Jeremy “Jem” Atticus Finch and Jean Louise “Scout” Finch are two young children who live with their father, lawyer Atticus Finch, and Calpurnia, their household help in small town Maycomb, in Southern Alabama during the Great Depression. Their lives are as normal as can be during those hard times: they play outside all the time in the summer, go to school during the school year, befriend their friendly neighbors, and dislike the mean ones.
Small-town Maycomb is about to turn upside down when Atticus is appointed to defend in court a black man accused of raping a young, white woman. Soon the town is divided by the few who think the accused should go free on account of the lack of solid evidence, and by the majority who think and act as if being black was enough proof of his culpability. Whatever the outcome of the trial, life for the Finch family, especially, will never be the same.
I had started To Kill A Mockingbird several times over the past year, but then something would happen, I would leave it aside for a few days and when I picked up the book again its magnetism had been lost, so I put it aside to read other things. This time I put my foot down and said “I’ll finish it this time”, and I did.
Wow! That’s what I said when I finished it. I went through so many emotions while reading this book: I laughed a great deal in the beginning; I cried with the death of Mrs. Dubose and Jem’s reaction to it, I was on the edge-of-my-seat during the trial, and when the book ended I felt a hole in my heart, but also the knowledge of having been through a unique experience.
To Kill A Mockingbird is funny, sad, wise, and life-altering. It describes to perfection the life in a small town, but also the quirkiness of its inhabitants: the gossip, the drunk, the trash, the do-gooders, the haters…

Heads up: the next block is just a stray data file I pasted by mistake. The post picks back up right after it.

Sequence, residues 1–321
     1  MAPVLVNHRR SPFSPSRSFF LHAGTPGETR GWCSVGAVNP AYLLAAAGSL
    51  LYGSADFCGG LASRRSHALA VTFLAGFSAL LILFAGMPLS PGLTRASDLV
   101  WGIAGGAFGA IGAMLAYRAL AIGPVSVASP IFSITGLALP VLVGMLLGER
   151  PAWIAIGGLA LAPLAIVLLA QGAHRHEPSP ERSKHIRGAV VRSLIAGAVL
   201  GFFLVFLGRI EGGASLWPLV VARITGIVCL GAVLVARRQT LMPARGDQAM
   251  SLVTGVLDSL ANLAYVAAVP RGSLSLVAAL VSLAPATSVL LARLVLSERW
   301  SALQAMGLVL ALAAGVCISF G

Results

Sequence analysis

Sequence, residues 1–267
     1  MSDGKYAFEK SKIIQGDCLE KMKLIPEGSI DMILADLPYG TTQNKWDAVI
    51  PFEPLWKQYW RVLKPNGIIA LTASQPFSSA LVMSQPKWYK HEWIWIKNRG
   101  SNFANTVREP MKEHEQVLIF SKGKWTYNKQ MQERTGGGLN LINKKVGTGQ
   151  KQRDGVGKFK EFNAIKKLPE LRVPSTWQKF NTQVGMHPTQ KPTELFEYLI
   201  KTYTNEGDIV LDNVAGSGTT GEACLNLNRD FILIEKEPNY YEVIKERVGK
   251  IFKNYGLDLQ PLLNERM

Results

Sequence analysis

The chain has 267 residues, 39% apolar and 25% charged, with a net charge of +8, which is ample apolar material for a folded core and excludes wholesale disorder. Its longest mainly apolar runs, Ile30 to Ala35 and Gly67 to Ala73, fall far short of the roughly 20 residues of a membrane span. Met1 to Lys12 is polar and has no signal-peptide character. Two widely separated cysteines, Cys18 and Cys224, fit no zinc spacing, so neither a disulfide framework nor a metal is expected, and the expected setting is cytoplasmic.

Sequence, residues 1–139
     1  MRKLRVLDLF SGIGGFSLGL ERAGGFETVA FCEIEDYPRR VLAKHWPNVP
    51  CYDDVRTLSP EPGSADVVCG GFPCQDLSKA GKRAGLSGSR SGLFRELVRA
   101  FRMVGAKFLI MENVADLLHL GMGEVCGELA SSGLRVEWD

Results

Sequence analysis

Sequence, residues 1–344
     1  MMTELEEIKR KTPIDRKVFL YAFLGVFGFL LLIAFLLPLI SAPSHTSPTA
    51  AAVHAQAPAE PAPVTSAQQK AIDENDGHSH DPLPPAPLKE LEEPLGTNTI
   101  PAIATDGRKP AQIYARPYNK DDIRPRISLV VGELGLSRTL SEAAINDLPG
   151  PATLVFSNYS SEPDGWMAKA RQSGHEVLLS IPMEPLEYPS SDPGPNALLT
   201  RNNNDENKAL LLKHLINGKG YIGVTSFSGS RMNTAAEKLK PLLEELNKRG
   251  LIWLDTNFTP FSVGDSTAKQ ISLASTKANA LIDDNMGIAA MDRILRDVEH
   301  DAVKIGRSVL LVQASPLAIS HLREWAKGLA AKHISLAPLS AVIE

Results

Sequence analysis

A country cannot be called civilized if some of its citizens live marginalized, deprived of basic human rights, and oppressed by another race. I just think is mind-boggling that a nation of opportunities such as U.S. only realized that in the midst of the twentieth century, and by force nonetheless.
To Kill A Mockingbird is a book that should be required reading in school, and I don’t know if it is, but its message of equality among men, of defending what it’s right in spite of the consequences, those messages cannot and should not be ignored.
“‘Your father’s right,’ she said. ‘Mockingbirds don’t do one thing but make music for us to enjoy. They don’t eat up people’s gardens, don’t nest in corncribs, they don’t do one thing but sing their hearts out for us. That’s why it’s a sin to kill a mockingbird.’” Page 119
“The one thing that doesn’t abide by majority rule is a person’s conscience.” Page 140
“Dill was off again. Beautiful things floated around in his dreamy head. He could read two books to my one, but he preferred the magic of his own inventions. He could add and subtract faster than lightning, but he preferred his own twilight world, a world where babies slept, waiting to be gathered like morning lilies. He was slowly talking himself to sleep and taking me with him, but in the quietness of his foggy island there rose the faded image of a gray house with sad brown doors.” Page 192
“‘Be quiet, they’ll hear you,’ said Miss Maudie. ‘Have you ever thought of it this way, Alexandra? Whether Maycomb knows it or not, we’re paying the highest tribute we can pay a man. We trust him to do right. It’s that simple.’” Page 316